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Can we put platinum plugs in LS's because the dealer said that they are not suppose to be in there?
 

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if you run high heat and high revs for along time (more than 15 sec bursts), a platinum plug allows you the luxury of running wider gaps and provides the same energy as a copper plug in dense chamber environments like in 11.5-12:1 CR chambers . There is less chance of fouling as when you use narrow gaps from carbon build up and therefore less misfiring over time.

Yes copper is cheaper by a country mile but the application in a car that is up there in compression, temps, and revs for continuous use makes them more prone to misfiring under these conditions.

Even the stock LS has 2 options, one is a number 5 heat range copper plug for everyday grocery getter driving and a number 6 heat range (colder) platinum plug for " more performance oriented " driving. You can't go wrong with a #6 platinum gapped at 0.044 in. in an LS if you plan to thump it a lot and have mods.
 

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MichaelDelaney on Aug/23/02 said:
a number 6 heat range (colder) platinum plug for " more performance oriented " driving. You can't go wrong with a #6 platinum gapped at 0.044 in. in an LS if you plan to thump it a lot and have mods.
Can someone just tell me if this the spark plug being refered to? NGK
Part number PZFR5F-11
gap 0.044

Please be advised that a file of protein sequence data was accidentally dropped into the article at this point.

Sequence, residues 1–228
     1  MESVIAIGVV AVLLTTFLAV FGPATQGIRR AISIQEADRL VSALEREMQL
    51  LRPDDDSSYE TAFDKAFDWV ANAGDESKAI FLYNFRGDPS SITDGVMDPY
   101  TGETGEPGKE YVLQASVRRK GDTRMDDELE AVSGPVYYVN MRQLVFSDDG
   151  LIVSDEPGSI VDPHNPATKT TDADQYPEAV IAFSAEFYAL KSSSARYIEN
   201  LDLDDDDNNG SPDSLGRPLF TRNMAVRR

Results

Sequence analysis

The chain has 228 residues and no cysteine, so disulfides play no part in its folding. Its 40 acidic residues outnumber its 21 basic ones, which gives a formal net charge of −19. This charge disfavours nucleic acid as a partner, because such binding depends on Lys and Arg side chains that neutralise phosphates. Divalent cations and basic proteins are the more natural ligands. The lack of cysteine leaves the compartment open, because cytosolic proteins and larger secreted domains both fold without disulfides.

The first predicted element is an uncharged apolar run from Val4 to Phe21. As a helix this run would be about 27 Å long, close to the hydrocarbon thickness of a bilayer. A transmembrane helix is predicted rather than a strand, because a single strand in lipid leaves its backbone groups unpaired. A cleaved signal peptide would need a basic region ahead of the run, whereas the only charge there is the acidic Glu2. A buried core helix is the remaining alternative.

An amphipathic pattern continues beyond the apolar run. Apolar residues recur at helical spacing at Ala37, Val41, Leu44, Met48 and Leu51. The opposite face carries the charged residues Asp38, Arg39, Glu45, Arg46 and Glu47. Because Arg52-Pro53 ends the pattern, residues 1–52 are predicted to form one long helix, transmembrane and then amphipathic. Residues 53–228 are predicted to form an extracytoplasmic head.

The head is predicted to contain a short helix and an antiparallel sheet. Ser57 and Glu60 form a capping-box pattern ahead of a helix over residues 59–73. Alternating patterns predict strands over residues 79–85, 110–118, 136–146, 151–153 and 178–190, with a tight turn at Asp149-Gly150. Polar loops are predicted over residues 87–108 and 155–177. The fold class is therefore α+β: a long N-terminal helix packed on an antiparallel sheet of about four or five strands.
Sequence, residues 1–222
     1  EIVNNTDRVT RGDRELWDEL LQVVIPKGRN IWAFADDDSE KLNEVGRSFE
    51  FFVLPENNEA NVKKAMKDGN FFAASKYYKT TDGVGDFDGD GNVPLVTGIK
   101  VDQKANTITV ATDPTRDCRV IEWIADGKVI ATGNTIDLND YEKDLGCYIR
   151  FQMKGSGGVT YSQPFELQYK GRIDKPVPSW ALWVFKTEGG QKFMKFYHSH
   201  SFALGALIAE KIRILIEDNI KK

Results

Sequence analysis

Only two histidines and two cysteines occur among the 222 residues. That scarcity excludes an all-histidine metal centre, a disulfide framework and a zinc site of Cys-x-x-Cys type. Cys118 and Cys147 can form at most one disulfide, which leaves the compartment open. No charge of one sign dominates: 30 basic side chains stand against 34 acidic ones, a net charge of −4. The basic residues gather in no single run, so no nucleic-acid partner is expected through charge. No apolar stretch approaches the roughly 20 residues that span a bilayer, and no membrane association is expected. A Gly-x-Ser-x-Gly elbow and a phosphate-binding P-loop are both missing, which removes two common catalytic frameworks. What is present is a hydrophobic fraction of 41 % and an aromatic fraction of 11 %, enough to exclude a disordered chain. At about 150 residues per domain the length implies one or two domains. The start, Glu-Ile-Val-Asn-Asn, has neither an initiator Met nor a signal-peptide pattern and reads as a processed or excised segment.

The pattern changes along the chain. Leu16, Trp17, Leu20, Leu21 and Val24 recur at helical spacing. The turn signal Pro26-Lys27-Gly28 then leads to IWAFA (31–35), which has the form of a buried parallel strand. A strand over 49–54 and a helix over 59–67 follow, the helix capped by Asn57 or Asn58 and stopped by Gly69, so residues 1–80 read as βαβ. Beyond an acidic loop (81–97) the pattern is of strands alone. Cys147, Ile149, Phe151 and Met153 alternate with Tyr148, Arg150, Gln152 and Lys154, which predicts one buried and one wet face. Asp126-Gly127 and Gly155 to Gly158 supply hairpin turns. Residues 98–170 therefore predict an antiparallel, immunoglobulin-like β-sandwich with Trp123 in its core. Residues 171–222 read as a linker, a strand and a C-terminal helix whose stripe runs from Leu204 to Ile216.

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Thanks! Spark plugs are expensive!
 

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Dom just get copper-platinum tipped plugs then (cheaper) but don't expect them to last as long. you're ahead of most people if you know what heat range to run and what gap to run without fouling up the plug.

it's not like you're running in a high CR touring car race engine for an 1 hr at almost full throttle for at least 60% of the time, never dropping the revs below 6000 rpm during that 1 hr, and the engine temp is astranomical. That's when the plug performance becomes critical.

for most people with i/h/c/e and street/strip ambitions, the #6 heat rating with a 0.040-0.044 in. gap does the job. Platinums because of their finer design gives a more precise kernel and ionization. They also last longer. If that's important to you, then spend the money. If your budget says that this is ridiculous for what I use my car for, then get copper.

It's pretty simple.
 

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MD, thanks for your input. The thought of going cheaper had crossed my mind, but I have spent far more money on things for my car that have done nothing for performance. I would like to think these days are over. I think I would rather just do the spark plugs correctly and spend the extra money, especially if they will last longer...Im a firm beleiver in "you get what you pay for"
 

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Where do you locate a spark plugs heat range? I am looking on the NGK site and am unable to find it. Is it just common knowledge or do they post specific heat ratings?

Alright I found the heat rating in a post saks put up a while ago, sorry. But all the plugs on the ngk page that was linked to are #5 plugs. Where is this #6 plug that you speak of MD.
 

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If you're on a budget I'd get the G-power platinum (GP platinum) instead of the double platinums. They cost 9 dollars less and are almost as durable.

If you're willing to spend 11 dollars a plug you mareswell spend 5 dollars less and get iridiums. Iridiums are definetly the most durable plug available, something I'm pretty interested in with 1500 degree EGT's.
 
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